About the Allan B. Rogers Editorial Award

This award recognizes the best editorial on a local subject that runs in New England each year.

The award honors the editor of The Eagle-Tribune (North Andover, MA) who died in 1964 at the age of 31.

The competition is open to local subject editorials from a wide variety of newspapers in New England, regardless of circulation size and frequency of publication.

NENPA member newspapers, regardless of circulation size and frequency of publication, are invited to enter.

For more information please contact Linda Conway at l.conway@nenpa.com.

The Berkshire Eagle, Pittsfield, MA – Amid clergy abuse case, a chilling attack on a free press
This clearly written piece chastising the Catholic diocese in Western Massachusetts for trying to subpoena a reporter’s notes, which would reveal confidential sources, delineates why such an assault on the First Amendment is dangerous. At a time when the media is derided as producing “fake” news, it’s particularly important to show the benefits to society of an unfettered press. The stand is strong, compelling, and easily understood. The editorial goes one crucial step further in calling for legislators to adopt a shield law, as other states have, that would protect reporters’ news-gathering resources.

New Hampshire Union Leader – To our readers (William Loeb)
The 2022 Allan B. Rogers Editorial Award goes to the New Hampshire Union Leader for its front-page editorial confronting — and condemning — the shameful history of child sexual abuse by former publisher William Loeb. The editorial, part of a powerful Page One package, came after Loeb’s stepdaughter came forward in May 2022 to say that Loeb sexually molested her repeatedly when she was 7 years old. The editorial acknowledged that Loeb had an outsized role in the political history of New Hampshire, and at the newspaper, but got right to the point: “We know now that William Loeb is not a man to be celebrated.” Explaining that the Union Leader has removed Loeb’s name from the masthead, the editorial ended with the moral clarity that has defined a free press since the founding of the country: “This newspaper will continue to hold the powerful accountable, whoever they may be. That is our duty to this state and to our readers.”

The Eagle-Tribune, North Andover, MA

“Fixing a broken system” written by David Joyner

The judges remarked that this editorial captures readers with its lively lede and lays out the issues plaguing the region’s gas lines with strong reporting, clear language, and a call to action for the state to fix this dangerous problem. It’s a strong example of what an editorial should be.

When notified that they were receiving this prestigious award, the Eagle-Tribune had this to say,
“The Eagle-Tribune is honored to have this award named after its former editor Allan B. Rogers. The Rogers family and subsequent owners of the Eagle-Tribune have been strong proponents of local journalism in the North of Boston area dating back to 1867. Of course, editorials are the heart of any local newspaper. They celebrate the successes in the community, provide public service announcements, and hold local politicians and public figures accountable. This year’s nominees and winners of the Allan B. Rogers Editorial award demonstrate how newspapers can be the most important voice in the communities they serve.”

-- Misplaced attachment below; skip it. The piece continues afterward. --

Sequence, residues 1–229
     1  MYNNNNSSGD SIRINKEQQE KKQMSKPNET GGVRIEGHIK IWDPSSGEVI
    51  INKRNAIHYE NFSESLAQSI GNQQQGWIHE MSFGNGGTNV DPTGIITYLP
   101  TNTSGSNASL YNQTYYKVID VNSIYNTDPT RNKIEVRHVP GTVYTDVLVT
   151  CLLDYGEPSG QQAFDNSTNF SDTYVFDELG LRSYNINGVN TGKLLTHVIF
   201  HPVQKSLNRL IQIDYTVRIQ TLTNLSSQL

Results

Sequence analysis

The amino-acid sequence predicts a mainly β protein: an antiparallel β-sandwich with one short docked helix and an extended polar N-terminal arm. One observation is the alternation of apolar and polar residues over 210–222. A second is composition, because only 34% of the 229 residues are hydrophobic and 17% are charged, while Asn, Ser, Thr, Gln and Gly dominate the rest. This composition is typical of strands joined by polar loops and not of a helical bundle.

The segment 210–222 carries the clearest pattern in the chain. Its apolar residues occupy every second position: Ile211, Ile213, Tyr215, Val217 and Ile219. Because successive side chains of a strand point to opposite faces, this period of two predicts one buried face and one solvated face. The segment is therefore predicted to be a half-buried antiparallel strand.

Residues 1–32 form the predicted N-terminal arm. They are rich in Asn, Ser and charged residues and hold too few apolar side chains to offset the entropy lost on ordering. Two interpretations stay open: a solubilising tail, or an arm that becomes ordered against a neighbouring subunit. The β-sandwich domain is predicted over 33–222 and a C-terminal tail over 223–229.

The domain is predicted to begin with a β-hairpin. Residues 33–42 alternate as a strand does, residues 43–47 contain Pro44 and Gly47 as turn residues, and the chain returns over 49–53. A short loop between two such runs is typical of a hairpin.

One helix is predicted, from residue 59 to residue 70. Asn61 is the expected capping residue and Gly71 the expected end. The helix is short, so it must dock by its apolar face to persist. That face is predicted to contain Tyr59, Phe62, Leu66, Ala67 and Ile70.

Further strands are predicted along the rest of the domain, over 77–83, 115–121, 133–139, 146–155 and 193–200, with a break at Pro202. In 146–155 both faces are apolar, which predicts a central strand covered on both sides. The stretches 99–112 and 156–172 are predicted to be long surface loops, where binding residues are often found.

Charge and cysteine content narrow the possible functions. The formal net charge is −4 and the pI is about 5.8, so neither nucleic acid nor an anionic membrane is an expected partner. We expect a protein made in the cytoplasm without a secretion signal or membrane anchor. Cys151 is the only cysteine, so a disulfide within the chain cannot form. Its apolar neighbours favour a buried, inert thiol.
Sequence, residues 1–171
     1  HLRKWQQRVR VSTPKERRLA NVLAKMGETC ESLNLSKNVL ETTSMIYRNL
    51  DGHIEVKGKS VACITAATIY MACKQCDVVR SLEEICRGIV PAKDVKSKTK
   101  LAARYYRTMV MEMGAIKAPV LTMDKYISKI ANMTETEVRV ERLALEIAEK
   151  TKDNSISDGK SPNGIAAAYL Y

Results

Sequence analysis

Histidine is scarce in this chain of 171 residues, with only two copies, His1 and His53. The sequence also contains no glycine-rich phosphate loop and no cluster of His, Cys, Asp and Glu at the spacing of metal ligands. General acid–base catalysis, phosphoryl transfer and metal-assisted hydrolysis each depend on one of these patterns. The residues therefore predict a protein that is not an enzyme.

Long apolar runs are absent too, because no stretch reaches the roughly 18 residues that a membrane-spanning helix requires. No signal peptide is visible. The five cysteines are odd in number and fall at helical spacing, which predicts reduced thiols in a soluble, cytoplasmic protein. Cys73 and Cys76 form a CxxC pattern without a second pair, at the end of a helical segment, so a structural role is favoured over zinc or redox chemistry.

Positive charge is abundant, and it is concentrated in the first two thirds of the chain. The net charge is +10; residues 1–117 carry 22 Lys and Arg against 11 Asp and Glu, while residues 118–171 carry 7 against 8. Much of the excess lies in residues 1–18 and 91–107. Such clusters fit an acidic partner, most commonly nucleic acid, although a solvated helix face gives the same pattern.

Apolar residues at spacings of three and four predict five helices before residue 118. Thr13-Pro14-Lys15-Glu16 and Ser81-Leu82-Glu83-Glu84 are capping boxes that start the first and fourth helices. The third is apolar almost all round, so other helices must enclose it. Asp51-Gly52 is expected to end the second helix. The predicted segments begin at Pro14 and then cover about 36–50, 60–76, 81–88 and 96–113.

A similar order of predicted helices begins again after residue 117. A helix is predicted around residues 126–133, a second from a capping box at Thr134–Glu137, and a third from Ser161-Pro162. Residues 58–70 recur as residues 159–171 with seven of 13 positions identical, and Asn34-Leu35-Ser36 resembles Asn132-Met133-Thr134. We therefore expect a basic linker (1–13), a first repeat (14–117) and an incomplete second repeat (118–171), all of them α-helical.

The Inquirer and Mirror, Nantucket, MA

“The loss of eelgrass and erosion of community” written by John Stanton.

The judges noted: The Inquirer and Mirror’s editorial was a very well-written piece on an intensely local and unique issue to Nantucket. It explained a complex situation in terms that readers could understand and appreciate. Most people would walk away from reading this piece feeling better informed like they gained new knowledge on an important issue affecting the community and island culture. They’d also feel as if they understood the potential solutions and could advocate for them or take some action.

The Standard-Times New Bedford, MA
“Children crossing border should be kept with parents” by Jack Spillane

The 2019 Allan B. Rogers Editorial Award goes to Jack Spillane, editorial page editor of The Standard-Times in New Bedford, Mass. Spillane’s award-winning editorial, “Children crossing border should be kept with parents,” brings home the heartrending impact of the Trump Administration’s immigration policies by focusing on a local Guatemalan boy and his mother as their husband and father sits in a Georgia jail awaiting deportation. Spillane writes with power and clarity, making a compassionate appeal that while immigration reform efforts grind on, the rending apart of nuclear families must stop immediately. “That is a heinous policy,” he writes, “and not worthy of America.”

Telegram & Gazette

Worcester, MA

DA Early and the Bibaud probe by Anthony Simollardes

The Gloucester Daily Times

Gloucester, MA

“City must move to restore faith in police, department”
by David Olson

The Providence Journal

Providence, RI

“A fraud, a farce, a dog-and-pony show”
by Ed Achorn

The Sun

Lowell, MA

“Chelmsford’s had enough of Tiano”
by David McArdle

The Patriot Ledger

Quincy, MA

by Amy MacKinnon

The Newtown Bee

Newtown, CT

“Answering for Our Town”
by Curtiss Clark

Cape Cod Times

Hyannis, MA

“An Age-old Challenge”
by William Mills

The Eagle-Tribune

North Andover, MA

“Civil service plumbs new depths of absurdity”
by Ken Johnson